Friday, February 21, 2014

The Who - Meaty, Beaty, Big and Bouncy

Another band that I am surprised that I haven't written more about is another of my all-time faves, the
Who. This was their first best-of collection, released in 1971, and gathered all of their hits in one place, which makes it a wonderful listening experience and was especially great for the British fans, since the English albums didn't include the singles!

Opening with their first smash, "I Can't Explain", the rockin' world of the Mods comes through with the first vicious power chords. John and Keith come barreling in and then Roger speaks to the entire mod experience by admitting he "don't know what it means, but I can't explain'! Pretty much their perfect single and this came as their debut (if you discount the High Numbers) - few groups can match that feat!

Pete continues to outline the mod experience with the equally fantastic opening, ringing "D" chord in "The Kids Are Alright" and the rollicking tale of male camaraderie built on huge chords, cool vocal harmonies and powerful dynamics. "Happy Jack' never really clicked with me - just seemed too silly and inconsequential - but then we get the monstrous "I Can See For Miles" with more gigantic chords and an impossibly catchy chorus - this became their first real break-through in America, and rightfully so! Pete's ode to masturbation, "Pictures of Lily" follows, with yet more staccato power chords and Entwistle's french horn "climax". Of course, the gigantic anthem "My Generation" appears in all its glory - who hasn't sung along with this, or even covered it, at some point in their life? - and then there's "The Seeker", which was never a hit, per se, but its groovy, infectious rhythm has always been one of my faves.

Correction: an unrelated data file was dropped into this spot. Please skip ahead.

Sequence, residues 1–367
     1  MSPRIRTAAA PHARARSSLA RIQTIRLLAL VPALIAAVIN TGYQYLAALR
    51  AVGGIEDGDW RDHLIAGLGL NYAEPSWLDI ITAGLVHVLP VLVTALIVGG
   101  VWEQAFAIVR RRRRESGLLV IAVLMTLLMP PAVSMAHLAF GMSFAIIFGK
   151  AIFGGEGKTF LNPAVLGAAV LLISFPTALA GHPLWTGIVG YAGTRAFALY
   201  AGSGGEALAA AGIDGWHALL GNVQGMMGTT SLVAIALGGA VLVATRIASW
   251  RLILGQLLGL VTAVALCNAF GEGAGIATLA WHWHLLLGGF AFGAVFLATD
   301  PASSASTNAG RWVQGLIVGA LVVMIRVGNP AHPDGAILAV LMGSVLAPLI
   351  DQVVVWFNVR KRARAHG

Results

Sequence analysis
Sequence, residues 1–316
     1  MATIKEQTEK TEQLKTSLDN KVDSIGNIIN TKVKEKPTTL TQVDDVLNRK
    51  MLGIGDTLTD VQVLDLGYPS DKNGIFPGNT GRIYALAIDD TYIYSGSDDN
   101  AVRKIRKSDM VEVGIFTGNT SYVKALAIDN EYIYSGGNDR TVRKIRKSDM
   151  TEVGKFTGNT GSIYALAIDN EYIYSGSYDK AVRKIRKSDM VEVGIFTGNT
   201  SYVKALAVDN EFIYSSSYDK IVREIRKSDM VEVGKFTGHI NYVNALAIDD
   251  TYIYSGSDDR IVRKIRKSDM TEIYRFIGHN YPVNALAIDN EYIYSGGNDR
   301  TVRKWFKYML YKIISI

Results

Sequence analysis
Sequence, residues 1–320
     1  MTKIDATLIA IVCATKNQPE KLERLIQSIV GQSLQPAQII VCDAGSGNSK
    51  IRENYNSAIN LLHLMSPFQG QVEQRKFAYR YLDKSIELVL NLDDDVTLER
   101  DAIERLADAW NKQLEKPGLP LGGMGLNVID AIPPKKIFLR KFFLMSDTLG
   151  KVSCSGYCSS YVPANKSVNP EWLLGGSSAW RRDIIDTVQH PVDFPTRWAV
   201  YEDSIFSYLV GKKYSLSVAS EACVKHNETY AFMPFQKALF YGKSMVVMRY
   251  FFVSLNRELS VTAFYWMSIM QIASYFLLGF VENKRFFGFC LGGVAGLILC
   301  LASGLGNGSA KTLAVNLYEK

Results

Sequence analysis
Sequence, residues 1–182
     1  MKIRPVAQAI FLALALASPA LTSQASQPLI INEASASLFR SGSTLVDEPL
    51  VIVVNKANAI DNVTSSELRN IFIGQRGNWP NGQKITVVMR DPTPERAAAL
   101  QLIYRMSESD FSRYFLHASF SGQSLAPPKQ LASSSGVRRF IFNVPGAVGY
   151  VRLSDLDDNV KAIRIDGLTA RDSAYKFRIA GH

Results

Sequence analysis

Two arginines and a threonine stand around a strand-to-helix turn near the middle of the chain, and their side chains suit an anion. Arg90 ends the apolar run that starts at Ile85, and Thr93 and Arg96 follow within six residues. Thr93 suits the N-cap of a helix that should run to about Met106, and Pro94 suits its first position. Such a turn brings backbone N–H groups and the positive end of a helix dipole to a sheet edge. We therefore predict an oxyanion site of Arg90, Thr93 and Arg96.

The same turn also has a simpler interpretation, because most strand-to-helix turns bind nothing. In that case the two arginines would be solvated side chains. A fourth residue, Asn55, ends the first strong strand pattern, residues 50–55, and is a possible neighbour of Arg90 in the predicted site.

More bright, Rickenbacker chords introduce Daltrey's boasting "Anyway, Anyhow, Anywhere" - apparently his answer to the somewhat mincing lyrics of songs like "I'm a Boy". Of course, this tune is where Pete throws in tons of feedback, "Morse code" pickup switching and general noise, thereby changing the sound of r'n'r forever! The single from their huge smash, Tommy, was "Pinball Wizard" - the record that brought them back from the brink of bankruptcy! Townshend's excellent rhythm playing is highlighted here and drives the song and gives it its hook. Pete takes lead vocal for "Legal Matter" - again, not a real hit, but a cool tune about divorce and a change of pace, though his thin vocals makes it plain why they wanted Roger be the main vocalist. John's spooky-sounding "Boris the Spider" was always a fan favorite, so had to join the proceedings, and "The Magic Bus", while only reaching number 25 in the American charts received plenty of airplay and is another concert favorite - though the studio version is much superior to any of their meandering live versions. But a tune that worked in any setting was "Substitute", a fantastic rocker with Pete's patented staccato chord "riff" and propelled by John and Keith throughout, especially in the dynamic bridge section. The collection ends with Pete's fight with cross-dressing, "I'm a Boy" that still sounds somehow menacing, with the stomping beat and Entwistle's french horn in the break.

One of the perfect Who albums - as they say "all killer, no filler" - while there are some points that aren't as fantastic as others, it's still great all the way through. Any lover of r'n'r should own this one!